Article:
*POSSIBLE TRIGGER WARNING!!*
I discuss my abuse in this post, not in a graphic nature, but it could be triggering for some folks.

So next week (if the gov't shut down doesn't interfere), I'm going to be giving a talk on domestic violence at the Marine base here in town. I haven't been in a domestically violent relationship myself, but I was raised in a dv home setting, so it definitely affected me. I'd like to share my talk here, complete with pictures, because C doesn't want to hear it. It's not that he doesn't care, it's that it upsets him too much to hear the actual story. I've told him everything, and he's compartmentalized it away, but he doesn't want to hear it again. It makes him very angry, and there's nothing he can do about it, so it's better to just not say. (That's not to say that he doesn't listen when I need to talk, but outside of that... I pretty much keep "work" away from our conversations, except in a general sense.) I'm really proud of him for coming along and supporting me during the trial. It was very hard for him to hear all the sordid details and to actually see G, to see me up on the stand and to watch me get cross examined by The Snake. He's such a good guy. Fun fact: he saw G at work while he was in the county jail waiting to be transferred to the state prison, and had to ask to be transferred to a different unit to work. Conflict of interests, you see. He might pulverize the guy. Heh. (Not that any of us would have minded, but they generally frown on that kind of behavior from officers...)

So anyway, here's the talk I'll be giving next week. It's not word for word, really, but I wrote down the story.


Recently married, co-running non-profit agency. Emotionally healthy and stable, have many fulfilling hobbies, a solid support system, and several close, meaningful friendships. Also have two cats. Looking at me, you’d think I am a happy, successful young woman with a bright future, and you’d be right. This was not always the case.

Teen years and early twenties: intense depression, uncertainty, paralyzed by fear of failure, low self esteem, delinquency, risky behaviors, suicidal thoughts, escapism, no sense of self, directionless. Felt responsible for family and mother, yet a failure. Codependent, dealing with PTSD unaware, zero boundaries, unrealistic expectations for self and others.


Very few safe people in life, one of them being now-husband, C. Met at 15, began dating later that year. Kept me safe and on the straight and narrow as far as he could- got me to work and school, kept me from drinking and drugs, from unsafe situations and friendships.

Another safe person E, met after disclosing childhood sexual abuse at age 17 and pressing charges. She was my victim advocate and maintained a friendship with me after my abuser received a conviction and the case was closed. It was while preparing for trial and telling the details of my childhood to her that I first began to realize that what I and my family went through was not normal, and was in fact a terribly abusive situation.


 Some of earliest memories are of being physically abused, but by a different man, my younger sister’s father. He was extremely abusive to my mother as well, and almost killed her at least once. One incident I remember clearly is the time that he placed me inside of a heated oven, resulting in burns on my back that required a doctor’s attention. Another time, he tried to force me to drink urine. On multiple occasions and for reasons I can’t remember, my mouth was stuffed with wadded socks. I was somewhere between 1 ½ and 3 years old. He was not the only abusive presence in my life- physically and I suspect sexually abused at day care, and in one abusive temporary home after being removed to foster care when the domestic violence situation with mom and my sister’s dad became apparent.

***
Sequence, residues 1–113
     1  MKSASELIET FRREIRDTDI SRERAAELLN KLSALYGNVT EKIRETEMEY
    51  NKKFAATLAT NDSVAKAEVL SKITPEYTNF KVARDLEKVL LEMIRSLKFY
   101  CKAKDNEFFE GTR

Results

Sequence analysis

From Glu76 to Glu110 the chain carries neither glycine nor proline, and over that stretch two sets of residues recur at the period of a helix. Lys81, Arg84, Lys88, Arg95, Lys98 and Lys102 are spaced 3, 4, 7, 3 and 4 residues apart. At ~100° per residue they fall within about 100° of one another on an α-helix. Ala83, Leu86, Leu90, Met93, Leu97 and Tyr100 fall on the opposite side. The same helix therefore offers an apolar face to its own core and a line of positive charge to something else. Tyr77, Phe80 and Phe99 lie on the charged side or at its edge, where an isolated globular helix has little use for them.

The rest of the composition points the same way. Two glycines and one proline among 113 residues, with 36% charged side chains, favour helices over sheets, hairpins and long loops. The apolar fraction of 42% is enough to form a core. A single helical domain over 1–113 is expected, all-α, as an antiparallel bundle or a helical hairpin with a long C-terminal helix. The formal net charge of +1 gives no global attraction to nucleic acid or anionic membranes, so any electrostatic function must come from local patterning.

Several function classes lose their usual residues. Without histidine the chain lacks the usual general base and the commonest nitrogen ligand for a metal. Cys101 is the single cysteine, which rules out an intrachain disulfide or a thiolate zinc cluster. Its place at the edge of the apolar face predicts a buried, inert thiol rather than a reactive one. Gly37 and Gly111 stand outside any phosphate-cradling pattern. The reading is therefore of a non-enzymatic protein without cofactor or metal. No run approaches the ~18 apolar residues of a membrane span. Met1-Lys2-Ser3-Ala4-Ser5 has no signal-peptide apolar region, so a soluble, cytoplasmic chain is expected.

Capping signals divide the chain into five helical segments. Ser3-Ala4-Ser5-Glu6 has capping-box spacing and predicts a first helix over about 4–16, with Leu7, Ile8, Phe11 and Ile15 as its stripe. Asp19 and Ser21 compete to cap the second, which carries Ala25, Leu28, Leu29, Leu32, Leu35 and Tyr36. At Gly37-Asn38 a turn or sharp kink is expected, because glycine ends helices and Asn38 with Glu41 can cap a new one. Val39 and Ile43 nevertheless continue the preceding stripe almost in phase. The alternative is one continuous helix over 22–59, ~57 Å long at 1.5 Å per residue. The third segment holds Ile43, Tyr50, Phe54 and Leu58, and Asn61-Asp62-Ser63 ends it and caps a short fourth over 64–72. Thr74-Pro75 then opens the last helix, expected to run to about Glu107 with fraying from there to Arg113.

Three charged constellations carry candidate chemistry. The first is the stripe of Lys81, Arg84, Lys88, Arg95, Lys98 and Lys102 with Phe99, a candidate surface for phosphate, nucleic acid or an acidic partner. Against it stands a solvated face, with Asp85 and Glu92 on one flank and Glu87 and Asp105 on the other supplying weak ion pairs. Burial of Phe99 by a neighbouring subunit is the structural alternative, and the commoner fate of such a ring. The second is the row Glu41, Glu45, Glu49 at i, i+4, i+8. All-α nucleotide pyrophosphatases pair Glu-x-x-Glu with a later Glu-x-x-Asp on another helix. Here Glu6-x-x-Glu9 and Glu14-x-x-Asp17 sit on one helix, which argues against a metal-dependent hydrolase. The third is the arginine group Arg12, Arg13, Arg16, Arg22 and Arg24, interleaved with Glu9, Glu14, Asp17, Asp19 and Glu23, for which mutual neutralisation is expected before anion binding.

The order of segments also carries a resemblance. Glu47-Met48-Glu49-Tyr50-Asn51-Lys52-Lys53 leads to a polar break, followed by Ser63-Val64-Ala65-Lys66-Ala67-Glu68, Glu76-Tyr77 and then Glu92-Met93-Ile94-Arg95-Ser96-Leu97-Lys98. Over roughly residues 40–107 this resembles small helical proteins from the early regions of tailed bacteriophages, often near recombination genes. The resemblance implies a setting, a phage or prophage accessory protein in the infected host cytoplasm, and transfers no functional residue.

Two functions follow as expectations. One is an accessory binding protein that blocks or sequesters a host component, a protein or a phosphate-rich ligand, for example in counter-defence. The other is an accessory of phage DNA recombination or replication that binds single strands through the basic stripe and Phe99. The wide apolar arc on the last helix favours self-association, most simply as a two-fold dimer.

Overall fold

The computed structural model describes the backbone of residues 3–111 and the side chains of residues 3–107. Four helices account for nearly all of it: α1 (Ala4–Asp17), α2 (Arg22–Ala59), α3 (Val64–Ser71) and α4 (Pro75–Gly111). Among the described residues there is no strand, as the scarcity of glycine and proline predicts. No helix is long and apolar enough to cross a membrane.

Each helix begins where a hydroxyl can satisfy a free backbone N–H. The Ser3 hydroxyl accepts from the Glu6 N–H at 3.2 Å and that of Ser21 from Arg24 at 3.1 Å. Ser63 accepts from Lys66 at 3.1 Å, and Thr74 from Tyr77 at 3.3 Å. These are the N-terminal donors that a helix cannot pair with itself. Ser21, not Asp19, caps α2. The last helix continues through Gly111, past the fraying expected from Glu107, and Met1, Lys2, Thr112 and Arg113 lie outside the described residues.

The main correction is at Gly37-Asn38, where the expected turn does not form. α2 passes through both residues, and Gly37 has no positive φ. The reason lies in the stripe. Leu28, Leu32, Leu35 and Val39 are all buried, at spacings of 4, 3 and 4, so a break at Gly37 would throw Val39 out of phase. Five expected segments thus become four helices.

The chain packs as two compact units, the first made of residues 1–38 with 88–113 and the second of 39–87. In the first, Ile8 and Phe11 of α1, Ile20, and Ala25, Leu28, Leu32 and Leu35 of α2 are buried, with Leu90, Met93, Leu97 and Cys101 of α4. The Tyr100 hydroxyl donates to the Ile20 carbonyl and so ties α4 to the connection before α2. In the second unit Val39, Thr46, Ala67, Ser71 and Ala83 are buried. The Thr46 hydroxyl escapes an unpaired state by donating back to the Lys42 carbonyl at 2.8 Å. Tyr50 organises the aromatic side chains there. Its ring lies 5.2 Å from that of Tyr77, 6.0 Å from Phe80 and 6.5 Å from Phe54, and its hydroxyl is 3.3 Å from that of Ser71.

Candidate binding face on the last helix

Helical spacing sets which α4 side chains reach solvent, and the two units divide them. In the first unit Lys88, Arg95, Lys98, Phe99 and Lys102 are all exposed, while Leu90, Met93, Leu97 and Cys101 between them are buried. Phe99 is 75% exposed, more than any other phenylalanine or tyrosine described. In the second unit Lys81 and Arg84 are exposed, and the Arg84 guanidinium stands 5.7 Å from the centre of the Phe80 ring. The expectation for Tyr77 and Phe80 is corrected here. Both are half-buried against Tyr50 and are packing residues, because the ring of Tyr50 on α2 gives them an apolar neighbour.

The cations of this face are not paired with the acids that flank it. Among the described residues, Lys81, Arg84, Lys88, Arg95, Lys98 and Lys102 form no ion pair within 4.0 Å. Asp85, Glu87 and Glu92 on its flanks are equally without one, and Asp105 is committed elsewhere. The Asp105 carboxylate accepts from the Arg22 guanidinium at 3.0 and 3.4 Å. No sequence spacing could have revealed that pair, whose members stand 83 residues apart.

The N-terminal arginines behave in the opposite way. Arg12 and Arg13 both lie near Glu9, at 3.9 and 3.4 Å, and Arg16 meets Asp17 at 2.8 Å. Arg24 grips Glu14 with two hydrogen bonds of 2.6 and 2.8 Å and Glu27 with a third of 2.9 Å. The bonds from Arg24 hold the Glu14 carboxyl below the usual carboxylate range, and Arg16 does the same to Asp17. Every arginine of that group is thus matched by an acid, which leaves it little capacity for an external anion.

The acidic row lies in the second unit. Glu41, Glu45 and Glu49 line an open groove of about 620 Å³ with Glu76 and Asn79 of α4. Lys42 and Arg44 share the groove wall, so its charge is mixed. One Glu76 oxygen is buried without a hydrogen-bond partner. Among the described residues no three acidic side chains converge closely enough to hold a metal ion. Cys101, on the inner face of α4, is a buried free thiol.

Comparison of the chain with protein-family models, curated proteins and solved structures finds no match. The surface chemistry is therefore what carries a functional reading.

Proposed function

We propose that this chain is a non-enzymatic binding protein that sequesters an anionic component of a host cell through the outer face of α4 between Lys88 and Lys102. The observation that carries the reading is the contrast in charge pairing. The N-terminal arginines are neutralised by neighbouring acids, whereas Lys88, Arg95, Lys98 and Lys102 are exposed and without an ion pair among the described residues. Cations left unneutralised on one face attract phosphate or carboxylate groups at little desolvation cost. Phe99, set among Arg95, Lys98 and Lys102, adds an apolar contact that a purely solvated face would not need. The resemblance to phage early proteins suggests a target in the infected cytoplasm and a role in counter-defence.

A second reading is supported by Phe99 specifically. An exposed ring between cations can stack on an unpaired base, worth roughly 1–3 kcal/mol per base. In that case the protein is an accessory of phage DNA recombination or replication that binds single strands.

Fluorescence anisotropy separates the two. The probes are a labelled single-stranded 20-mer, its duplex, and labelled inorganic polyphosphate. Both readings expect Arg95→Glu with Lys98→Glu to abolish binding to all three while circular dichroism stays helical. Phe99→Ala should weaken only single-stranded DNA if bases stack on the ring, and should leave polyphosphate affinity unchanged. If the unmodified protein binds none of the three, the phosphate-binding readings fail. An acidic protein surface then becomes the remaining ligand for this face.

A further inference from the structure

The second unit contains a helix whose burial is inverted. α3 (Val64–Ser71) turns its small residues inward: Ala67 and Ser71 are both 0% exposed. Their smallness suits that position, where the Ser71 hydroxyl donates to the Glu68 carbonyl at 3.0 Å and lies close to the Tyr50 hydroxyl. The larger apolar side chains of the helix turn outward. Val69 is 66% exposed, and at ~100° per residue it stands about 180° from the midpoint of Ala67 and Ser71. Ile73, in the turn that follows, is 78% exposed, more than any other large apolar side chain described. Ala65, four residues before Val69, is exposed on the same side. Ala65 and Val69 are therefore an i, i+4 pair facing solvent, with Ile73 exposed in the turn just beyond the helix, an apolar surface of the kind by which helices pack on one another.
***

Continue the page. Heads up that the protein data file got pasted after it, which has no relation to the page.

Mom got custody of me back and we moved to Y, where my younger sister K was born. We had a year or so of peace until my second abuser entered the picture. I was afraid of him from the beginning, as something about him triggered an innate sense of wrongness. Nevertheless, Mom got pregnant with my younger brother and married him.


I do not recall seeing him beat her the way he beat me after a while, but he did make her life hell in many other ways, such as forcing her to pack and move all of the household goods and furniture right after she got out of the hospital from delivering my brother and was suffering from a severe kidney infection. He refused to go to work frequently so my mom worked as much as she could to keep us in food and clothes, but he took most of her money to spend on his own hobbies. She had a secret stash of money for groceries that only she and I were privy to. He ignored us kids unless he was high or wanted to impress someone, and he pretty much ignored mom as well. When mom was working and he was supposed to be caring for us kids, the duties fell to me and I became the secondary mother of the home. 

This role was exacerbated even more when he began coming to my bedroom around age nine and molesting me. Years later, when I confronted him via phone call, his excuse was that he and mom were “having problems”.

His parenting style was erratic and wildly unpredictable, often meting out excessive punishments for trivial offenses that hadn’t been offenses previously. I bore the brunt of this, being the oldest, and the punishments ran the gamut from isolation to beatings (excessive “spankings” that brought heavy bruising and bleeding welts) to food deprivation. He acted as a grown child, with petulance and unrealistic demands of all the members of the family, favoring or ostracizing on a whim.